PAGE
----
A scene from "Attached to Love" by Jordan Pelliteri and Sophia Shaw. Photo by Chris Wong

by Denise Gilbert


Choreographers: Jordan Pelliteri and Sophia Shaw
Choreographic Assistant: Katrin Denson
Title: “Attached to Love”
Program Notes/Description: Inner thoughts screaming to be free yet held in complete silence.


Choreographers Sophia Shaw and Jordan Pelliteri. Photo by Meilyn Kennedy
Choreographers Sophia Shaw and Jordan Pelliteri. Photo by Meilyn Kennedy

 

Tell us about yourself:

Jordan: I grew up in Arizona and I attended my mom’s dance studio my whole life. After school, I ended up at Marymount, Manhattan for a year in New York and then I heard about Arts Umbrella and decided to audition because I really liked what Arts Umbrella valued and here I am in second year now — it’s crazy how fast it went. It’s been a really beautiful ride, though.

Sophia: I began dancing as a little kid, and I did all my training at the Goh Ballet. I came to Arts Umbrella in October of my Grade 12 year, when I met a woman who introduced me to Artemis [Gordon] and I knew the moment I met Arty that I needed to be here. Now we’re in second-year grad and it feels like I’ve been at Arts Umbrella my entire life, because I feel like I’ve learned more about who I am my two and a half years at Arts Umbrella than I have in my 19 years of life.

A scene from rehearsals of "Attached to Love" by Jordan Pelliteri and Sophia Shaw. Photo by Meilyn Kennedy
A scene from rehearsals of “Attached to Love” by Jordan Pelliteri and Sophia Shaw. Photo by Meilyn Kennedy

 

Tell us about your piece and your process: What inspired you? What would you like audiences to take away from your work?

Jordan: We both had similar experience — both of our moms were sick with breast cancer a year or two ago, and they’re in remission now. But we were talking about that idea that everyone has their own struggles, whether there is something physical or in their heads, that we all go through, and we often don’t realize that other people are also going through similar things — how we can almost be blind to the fact that everybody is always going through something.

Sophia: So that plays a really big part in how we started creating. Now that I look back at it, it also has to do with what I was going through with my mom being sick. I was so caught up in all of my emotions. Everything was … ‘poor me!’ and then I met Jordan and it was this moment of ‘Wait! This isn’t just me. I’m not the only one that feels this way. She has gone through the exact same thing I have.’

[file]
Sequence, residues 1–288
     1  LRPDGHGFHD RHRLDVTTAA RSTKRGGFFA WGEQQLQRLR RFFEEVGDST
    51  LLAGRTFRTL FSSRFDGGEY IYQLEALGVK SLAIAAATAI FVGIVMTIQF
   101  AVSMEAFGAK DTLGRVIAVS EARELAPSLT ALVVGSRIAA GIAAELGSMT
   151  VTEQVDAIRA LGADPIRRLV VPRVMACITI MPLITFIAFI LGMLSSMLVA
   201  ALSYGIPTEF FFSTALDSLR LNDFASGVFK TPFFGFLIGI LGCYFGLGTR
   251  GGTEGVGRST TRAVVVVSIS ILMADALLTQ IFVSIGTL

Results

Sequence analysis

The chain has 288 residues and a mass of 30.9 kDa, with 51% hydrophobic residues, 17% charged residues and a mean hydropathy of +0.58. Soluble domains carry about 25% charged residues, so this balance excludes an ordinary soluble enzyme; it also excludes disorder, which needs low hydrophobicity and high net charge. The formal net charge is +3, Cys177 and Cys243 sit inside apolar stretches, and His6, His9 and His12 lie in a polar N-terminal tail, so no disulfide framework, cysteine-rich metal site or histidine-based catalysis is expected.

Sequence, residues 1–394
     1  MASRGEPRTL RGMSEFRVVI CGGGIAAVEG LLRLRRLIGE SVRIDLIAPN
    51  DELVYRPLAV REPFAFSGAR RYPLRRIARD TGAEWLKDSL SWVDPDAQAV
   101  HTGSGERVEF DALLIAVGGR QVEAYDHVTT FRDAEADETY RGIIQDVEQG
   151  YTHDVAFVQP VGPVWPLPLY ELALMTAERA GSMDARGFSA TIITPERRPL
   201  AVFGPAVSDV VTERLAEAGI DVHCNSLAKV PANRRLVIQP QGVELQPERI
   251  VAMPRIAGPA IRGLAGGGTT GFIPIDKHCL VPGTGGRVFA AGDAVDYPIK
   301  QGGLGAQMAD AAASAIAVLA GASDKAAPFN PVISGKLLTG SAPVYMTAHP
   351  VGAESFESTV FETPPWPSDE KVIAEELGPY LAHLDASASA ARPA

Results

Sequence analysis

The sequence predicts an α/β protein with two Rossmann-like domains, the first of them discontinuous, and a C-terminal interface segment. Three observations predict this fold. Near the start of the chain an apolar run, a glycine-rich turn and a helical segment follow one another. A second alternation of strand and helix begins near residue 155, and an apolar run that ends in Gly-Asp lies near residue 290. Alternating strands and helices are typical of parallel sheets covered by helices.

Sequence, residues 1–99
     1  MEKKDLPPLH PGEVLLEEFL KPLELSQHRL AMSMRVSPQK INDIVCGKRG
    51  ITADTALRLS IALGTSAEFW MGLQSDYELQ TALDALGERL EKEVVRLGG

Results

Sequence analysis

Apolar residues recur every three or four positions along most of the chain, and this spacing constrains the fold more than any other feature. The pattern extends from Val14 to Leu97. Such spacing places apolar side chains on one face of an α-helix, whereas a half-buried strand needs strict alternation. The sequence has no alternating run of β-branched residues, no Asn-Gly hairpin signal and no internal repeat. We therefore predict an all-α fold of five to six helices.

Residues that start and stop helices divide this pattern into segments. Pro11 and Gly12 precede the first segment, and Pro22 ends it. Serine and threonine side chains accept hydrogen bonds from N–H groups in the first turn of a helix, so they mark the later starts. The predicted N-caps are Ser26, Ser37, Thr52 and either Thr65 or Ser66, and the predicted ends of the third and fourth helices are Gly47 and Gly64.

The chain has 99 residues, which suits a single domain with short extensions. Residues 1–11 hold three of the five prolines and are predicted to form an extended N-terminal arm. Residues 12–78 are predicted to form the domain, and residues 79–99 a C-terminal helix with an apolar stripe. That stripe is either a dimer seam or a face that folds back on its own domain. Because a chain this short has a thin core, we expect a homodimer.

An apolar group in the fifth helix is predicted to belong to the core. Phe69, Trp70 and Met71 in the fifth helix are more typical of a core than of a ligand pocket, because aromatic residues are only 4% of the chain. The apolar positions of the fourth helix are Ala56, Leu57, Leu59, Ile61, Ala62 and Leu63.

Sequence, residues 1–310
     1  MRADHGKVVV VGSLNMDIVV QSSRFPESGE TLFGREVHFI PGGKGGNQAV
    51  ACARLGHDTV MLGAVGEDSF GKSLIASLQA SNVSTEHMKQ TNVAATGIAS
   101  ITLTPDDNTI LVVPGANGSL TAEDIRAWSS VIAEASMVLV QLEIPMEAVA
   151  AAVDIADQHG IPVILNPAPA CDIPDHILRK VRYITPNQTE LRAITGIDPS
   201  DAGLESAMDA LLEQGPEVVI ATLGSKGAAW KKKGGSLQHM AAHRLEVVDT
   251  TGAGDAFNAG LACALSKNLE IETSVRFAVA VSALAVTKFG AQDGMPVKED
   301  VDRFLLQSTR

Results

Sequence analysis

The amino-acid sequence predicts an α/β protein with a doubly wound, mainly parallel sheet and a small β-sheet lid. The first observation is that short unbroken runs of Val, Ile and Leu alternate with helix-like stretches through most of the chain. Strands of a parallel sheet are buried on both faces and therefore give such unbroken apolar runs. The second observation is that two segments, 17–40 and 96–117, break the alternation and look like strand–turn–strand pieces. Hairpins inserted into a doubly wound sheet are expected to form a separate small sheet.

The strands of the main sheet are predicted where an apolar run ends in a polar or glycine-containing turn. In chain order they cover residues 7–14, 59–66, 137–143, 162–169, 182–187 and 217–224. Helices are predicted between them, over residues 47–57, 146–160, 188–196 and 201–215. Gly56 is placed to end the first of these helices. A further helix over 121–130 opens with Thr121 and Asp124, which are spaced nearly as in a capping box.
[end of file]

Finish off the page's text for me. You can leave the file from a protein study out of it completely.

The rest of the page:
That’s what we’ve been branching off of. We started with writing. We got everyone to pair up with a partner and they all wrote about something — we left it completely up to them — super broad or super specific, it didn’t really matter, and we started our movement simply based off of their text. We found a piece of music that we both thought was really inspiring for us and took it from there, because working from text created a lot of movement and a lot of inspiration.

A scene from rehearsals of "Attached to Love" by Jordan Pelliteri and Sophia Shaw. Photo by Meilyn Kennedy
A scene from rehearsals of “Attached to Love” by Jordan Pelliteri and Sophia Shaw. Photo by Meilyn Kennedy

 

Did any other elements, such as music, influence or inspire your work?

Jordan: The music we found is kind of repetitive, but also builds and fades out at the end, which felt right.

Sophia: We’re working with a lot of voices, as well. Originally, we wanted the dancers to speak during the piece. We tried having them speak what they wrote and we also are working with some voice-overs in the music because we think it might be more powerful.

Jordan: We’re still working on the music aspect and we don’t know if we’re going to include that yet.

Sophia: There’s a lot of different stories in the piece, and a lot of different struggles that I think will be perceived pretty clearly, and then we wanted a big group because it’s this idea of something quite universal.

A scene from the performance of "Attached to Love" by Jordan Pelliteri and Sophia Shaw. Photo by Marie Lee
A scene from the performance of “Attached to Love” by Jordan Pelliteri and Sophia Shaw. Photo by Marie Lee

 

What are you most looking forward to about the final performance of your piece?

Jordan: I’m just excited to see the dancers and what they are going to bring to it. Already watching them today was quite emotional.

Sophia: I think we’re just really proud and excited to share it with everyone.

Jordan: And it’s also nice for all of us to have this opportunity to work with each other and do what we want to do. We do so much of trying to do what we need to do, but with this, we don’t have to try, we’re just doing it.

Sophia: And just seeing sneak peeks of what other people are doing has got me kind of emotional — the pieces are all so different.

Jordan: They are all so different.

A scene from the performance of "Attached to Love" by Jordan Pelliteri and Sophia Shaw. Photo by Chris Wong
A scene from the performance of “Attached to Love” by Jordan Pelliteri and Sophia Shaw. Photo by Chris Wong

 

What was the most influential thing you learned from working with Crystal Pite?

Jordan: I don’t even know how to say it. She is so willing and generous to give whatever she can, and not only does she give whatever she can, she questions a lot, which is what we were just talking about with our shadow, Katrin.

Sophia: We wanted a shadow, Katrin, who was also in the piece. She helps us a lot with the choreography, but also because she’s in the piece we get a feel for what it’s like [from the] inside.

Jordan: We were talking about how Crystal doesn’t give us the answers, but she questions. That opens things up.

Sophia: She gives us new things to think about, and that gives us what we need. She never answers us with “yes” or “no”, she’ll give us a new thought, or new way of looking at it.